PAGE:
From: Alice Elizabeth Taylor
Media Freedom NGOs: Rama Has a “Strange Understanding of Democracy and Human Rights”

The European Center for Press and Media Freedom (ECPMF) and Reporters Without Borders (RSF) has condemned Prime Minister Edi Rama for threatening journalist Peter Tiede with legal action.

Tiede published a series of articles in German newspaper Bild which included numerous wiretaps featuring Rama, members of the socialist party, politicians, and police colluding to buy votes and threaten voters in the 2017 elections. The articles also accused Rama of buying votes in the election and using mafia money to do so.

The international media freedom watchdogs stated that the “Albanian Prime Minister must respect media freedom”.

Their statement continues that BILD proved their allegations with telephone recordings that “document the government’s involvement with the mafia”.

Shortly after their publication, Rama announced that he would sue Tiede in Germany where ‘the dignity of the people and of the state was respected” and where “the judiciary do not play games”- suggesting that this is the case in his own country.

Rama also announced that he had engaged the services of top defamation lawyer Matthias Prinz who charges a minimum of EUR 750 an hour for his time. It is unclear how Rama, who earns EUR 1400 a month after tax, is paying for his legal representation.

It is also unknown what grounds Rama will be suing Tiede on, having previously admitted his voice is on the tapes and that he would have the same conversation again.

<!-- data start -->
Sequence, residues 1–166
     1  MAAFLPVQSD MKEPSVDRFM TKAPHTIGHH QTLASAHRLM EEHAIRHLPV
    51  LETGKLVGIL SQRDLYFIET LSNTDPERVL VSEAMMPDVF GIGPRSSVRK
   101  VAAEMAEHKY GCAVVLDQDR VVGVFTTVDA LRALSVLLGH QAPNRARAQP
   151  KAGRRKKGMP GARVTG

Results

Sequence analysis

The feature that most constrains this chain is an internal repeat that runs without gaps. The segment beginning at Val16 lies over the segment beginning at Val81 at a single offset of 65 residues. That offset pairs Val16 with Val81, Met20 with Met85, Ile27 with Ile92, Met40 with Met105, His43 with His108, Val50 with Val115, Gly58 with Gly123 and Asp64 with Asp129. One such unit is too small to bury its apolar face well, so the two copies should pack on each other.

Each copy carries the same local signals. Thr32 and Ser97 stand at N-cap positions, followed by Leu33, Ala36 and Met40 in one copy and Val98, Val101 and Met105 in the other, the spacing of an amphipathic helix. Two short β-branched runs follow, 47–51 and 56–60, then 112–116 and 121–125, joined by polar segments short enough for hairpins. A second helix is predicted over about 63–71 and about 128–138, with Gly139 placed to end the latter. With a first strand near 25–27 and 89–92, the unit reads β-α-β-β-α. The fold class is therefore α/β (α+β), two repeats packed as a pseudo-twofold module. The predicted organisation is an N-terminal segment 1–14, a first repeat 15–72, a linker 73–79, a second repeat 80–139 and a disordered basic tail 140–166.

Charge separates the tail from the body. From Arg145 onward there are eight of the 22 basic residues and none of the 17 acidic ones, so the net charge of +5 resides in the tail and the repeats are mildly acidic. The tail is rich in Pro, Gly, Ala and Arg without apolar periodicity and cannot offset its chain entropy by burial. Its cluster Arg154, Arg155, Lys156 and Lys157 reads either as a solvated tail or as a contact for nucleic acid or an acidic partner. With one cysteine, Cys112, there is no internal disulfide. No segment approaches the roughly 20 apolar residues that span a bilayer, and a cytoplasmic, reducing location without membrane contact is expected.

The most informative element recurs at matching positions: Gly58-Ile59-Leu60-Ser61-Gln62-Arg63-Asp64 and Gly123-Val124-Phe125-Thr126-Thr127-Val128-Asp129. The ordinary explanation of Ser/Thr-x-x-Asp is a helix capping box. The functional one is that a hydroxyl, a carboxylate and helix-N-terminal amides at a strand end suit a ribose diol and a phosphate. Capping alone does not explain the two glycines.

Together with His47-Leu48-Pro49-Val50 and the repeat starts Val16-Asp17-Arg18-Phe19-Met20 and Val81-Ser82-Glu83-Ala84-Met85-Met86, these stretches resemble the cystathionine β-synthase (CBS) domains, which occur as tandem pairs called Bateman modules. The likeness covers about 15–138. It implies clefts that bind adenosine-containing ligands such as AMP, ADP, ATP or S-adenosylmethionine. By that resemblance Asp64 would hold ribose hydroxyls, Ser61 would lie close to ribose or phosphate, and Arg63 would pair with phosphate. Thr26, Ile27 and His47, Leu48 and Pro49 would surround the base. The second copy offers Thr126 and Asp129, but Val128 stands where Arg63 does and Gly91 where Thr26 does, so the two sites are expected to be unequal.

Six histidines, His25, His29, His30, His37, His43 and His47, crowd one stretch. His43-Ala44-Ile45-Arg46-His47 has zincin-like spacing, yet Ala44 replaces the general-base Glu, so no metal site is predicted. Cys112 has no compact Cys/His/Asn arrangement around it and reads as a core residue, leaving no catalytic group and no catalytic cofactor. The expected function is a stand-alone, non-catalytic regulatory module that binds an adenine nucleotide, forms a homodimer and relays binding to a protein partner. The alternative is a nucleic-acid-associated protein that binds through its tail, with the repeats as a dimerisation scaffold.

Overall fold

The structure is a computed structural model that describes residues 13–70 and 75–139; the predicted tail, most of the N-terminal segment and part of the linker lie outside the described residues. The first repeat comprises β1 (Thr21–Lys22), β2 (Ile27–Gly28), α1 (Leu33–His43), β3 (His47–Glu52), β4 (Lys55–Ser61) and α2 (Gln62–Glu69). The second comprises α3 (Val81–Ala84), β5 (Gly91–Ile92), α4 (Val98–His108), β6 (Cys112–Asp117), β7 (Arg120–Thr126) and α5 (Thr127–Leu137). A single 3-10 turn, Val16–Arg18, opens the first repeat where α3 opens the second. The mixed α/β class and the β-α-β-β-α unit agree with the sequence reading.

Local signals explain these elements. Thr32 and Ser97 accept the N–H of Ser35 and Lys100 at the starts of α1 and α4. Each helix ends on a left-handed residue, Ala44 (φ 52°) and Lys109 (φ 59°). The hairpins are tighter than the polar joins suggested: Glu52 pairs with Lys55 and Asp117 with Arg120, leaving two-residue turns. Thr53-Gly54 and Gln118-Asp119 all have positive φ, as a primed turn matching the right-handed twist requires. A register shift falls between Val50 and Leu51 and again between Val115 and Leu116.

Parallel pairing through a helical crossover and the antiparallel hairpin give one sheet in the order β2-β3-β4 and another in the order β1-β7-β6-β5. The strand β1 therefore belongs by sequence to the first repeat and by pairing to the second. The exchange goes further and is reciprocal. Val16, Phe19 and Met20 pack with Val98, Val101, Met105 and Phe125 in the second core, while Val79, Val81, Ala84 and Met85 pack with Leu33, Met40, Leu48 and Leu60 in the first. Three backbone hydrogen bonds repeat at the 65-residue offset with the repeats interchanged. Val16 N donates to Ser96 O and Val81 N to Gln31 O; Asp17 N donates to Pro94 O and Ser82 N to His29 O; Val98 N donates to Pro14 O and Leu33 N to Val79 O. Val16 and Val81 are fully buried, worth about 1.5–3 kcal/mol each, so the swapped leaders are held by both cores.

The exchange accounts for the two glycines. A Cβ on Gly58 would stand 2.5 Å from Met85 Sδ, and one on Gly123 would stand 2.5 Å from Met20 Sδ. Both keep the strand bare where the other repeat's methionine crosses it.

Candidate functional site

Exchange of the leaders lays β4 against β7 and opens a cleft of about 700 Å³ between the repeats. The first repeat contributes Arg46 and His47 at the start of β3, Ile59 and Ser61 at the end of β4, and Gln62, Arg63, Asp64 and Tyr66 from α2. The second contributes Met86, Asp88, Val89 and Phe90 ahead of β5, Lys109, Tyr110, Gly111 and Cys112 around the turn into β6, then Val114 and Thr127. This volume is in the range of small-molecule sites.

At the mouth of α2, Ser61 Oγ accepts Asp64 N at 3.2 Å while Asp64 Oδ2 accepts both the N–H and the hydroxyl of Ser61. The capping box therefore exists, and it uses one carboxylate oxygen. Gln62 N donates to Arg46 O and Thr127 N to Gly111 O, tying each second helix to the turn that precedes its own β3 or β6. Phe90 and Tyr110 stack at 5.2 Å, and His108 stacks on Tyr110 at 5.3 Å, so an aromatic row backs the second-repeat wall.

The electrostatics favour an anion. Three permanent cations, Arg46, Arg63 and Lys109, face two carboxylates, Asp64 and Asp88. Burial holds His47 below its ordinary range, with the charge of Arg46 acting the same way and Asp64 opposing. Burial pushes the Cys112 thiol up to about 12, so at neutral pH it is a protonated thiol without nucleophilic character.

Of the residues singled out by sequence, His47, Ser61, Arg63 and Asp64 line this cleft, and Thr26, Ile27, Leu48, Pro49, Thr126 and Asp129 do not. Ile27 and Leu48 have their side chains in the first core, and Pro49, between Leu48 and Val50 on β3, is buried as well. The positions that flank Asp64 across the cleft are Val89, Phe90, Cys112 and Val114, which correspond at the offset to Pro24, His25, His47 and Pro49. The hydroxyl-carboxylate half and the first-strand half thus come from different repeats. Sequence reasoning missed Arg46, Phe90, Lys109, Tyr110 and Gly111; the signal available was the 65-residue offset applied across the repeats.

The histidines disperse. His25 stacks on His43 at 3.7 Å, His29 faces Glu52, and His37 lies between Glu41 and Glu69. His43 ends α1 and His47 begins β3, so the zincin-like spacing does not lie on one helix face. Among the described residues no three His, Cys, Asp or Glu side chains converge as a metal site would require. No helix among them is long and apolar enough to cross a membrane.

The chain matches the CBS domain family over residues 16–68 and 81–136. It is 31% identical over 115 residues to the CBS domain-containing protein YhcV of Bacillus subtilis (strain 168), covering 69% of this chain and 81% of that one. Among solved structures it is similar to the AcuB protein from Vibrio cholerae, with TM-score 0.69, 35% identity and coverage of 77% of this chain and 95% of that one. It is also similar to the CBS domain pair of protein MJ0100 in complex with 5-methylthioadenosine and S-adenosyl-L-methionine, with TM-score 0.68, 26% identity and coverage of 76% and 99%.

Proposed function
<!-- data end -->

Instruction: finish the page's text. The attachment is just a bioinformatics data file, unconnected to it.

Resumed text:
CEO of RSF, Christian Mihr criticised Rama saying he “has a strange understanding of democracy and human rights”.

He added that it is the job of the media to hold power to account and that in the case of Bild, they had adequately covered themselves with research and verifiable sources. These, he stated are the foundations of a free press and a foundation of the values of the European Union.

“A country that would like to become a part of this community (the EU) must respect these values”, Mihr concluded.

Flutura Kusari, legal counsel at the ECPMF who also met with Rama last week in Tirana, added “instead of initiating proceedings against journalists Prime Minister Rama should work to improve press freedom in the country and not call journalists “trashcans”.

Just last week a delegation of the world’s most respected media freedom organisations visited Tirana to meet with journalists, members of civil society, politicians and Rama himself. They observed that “the situation of press freedom in Albania has deteriorated” and that journalists were attacked without consequence. They also highlighted the fact that politicians insult and defame the media regularly and that Rama and the Mayor of Tirana, Erion Veliaj are “non-transparent and refuse access to critical media”.

During their visit Rama committed that he would not initiate criminal proceedings against journalists but that he would file civil suits in “extreme circumstances”.

The statement from the NGOs also mentioned the ongoing political crisis and the fact that “thousands of people in Albania have been taking to the streets for weeks to protest against the corrupt government”. The protests, it states, were fueled by the published wiretaps that were recorded by the prosecution in 2016 and 2017.